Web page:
Friday, 4 January 2013

What is Parkinson's disease?

As they walked together, the Doctor said to Jonny, “Parkinson’s disease is a neurodegenerative disorder. Specific nerve cells in a part of your brain called the substantia nigra are dieing. These cells normally produce a chemical called dopamine, which activates networks of other nerve cells to ultimately initiate and control your movement. When these so called dopermergic neurons start to disappear the level of dopamine falls, resulting in impaired movement. Unfortunately, you are showing the three major signs characteristic of this loss; slowness of movement, tremor and rigidity. Parkinson’s is a complex disease and it may cause other symptoms, such as fatigue and depression.”

“Nobody knows why these nerve cells die. Prior to dieing cells show large accumulations (called Lewy bodies) of a protein called a-synuclein. There is also evidence that malfunctioning mitochondria (the energy-producing power plants of the cell) are also involved. Somehow these and other events conspire to cause cell death and ultimately the symptoms you are showing.”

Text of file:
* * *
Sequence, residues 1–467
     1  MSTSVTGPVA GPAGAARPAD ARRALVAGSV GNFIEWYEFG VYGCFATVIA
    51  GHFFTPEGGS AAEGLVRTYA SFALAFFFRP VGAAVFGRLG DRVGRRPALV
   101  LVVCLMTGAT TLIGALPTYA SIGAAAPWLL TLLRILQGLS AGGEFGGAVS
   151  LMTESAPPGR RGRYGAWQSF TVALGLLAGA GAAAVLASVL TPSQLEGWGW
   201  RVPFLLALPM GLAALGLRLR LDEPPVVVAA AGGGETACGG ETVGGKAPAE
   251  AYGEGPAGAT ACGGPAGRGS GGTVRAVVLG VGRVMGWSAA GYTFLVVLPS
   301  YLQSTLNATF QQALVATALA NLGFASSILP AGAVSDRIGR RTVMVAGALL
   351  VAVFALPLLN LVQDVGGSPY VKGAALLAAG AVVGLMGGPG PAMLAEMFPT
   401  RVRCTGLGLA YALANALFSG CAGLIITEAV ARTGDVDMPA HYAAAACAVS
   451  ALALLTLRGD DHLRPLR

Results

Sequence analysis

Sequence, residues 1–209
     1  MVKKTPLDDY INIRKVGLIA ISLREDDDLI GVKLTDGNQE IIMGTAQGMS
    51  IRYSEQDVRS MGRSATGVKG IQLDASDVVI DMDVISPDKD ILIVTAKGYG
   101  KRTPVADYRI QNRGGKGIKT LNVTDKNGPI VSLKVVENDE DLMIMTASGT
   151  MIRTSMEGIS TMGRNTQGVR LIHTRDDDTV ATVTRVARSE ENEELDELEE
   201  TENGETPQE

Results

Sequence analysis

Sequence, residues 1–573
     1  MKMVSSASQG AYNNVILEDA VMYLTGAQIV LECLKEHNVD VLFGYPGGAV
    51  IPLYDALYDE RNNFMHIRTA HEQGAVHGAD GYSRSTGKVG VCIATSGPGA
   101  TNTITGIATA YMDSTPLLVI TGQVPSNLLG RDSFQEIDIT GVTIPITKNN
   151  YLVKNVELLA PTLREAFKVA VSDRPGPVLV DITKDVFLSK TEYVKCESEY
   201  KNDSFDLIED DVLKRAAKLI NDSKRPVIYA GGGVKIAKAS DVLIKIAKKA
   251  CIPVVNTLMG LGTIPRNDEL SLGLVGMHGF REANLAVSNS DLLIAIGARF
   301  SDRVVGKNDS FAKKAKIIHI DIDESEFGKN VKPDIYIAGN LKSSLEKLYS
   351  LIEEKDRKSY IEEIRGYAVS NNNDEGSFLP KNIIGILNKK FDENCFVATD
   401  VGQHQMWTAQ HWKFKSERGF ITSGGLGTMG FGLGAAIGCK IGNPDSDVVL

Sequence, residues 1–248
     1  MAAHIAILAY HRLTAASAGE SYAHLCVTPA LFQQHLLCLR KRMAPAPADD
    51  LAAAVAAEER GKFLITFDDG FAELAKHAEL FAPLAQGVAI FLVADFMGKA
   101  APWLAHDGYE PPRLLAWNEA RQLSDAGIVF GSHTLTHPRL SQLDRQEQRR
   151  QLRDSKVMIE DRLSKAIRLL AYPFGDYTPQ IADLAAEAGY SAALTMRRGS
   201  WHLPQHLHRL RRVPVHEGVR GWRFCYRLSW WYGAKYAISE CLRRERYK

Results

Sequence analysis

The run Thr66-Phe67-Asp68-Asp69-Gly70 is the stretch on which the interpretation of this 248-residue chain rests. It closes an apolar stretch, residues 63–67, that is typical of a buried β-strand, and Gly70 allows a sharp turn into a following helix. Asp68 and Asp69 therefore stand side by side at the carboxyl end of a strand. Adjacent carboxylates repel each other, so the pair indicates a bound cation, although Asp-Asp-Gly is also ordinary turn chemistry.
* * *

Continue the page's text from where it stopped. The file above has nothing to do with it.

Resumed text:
“As more nerve cells are lost the worse the symptoms will get. Treatment can help to counter this. The main aim of treatment is to replace the missing dopamine by taking dopamine in tablet form and also making adaptations to your life to make everyday tasks easier and maintain your independence.”

No comments:

Post a Comment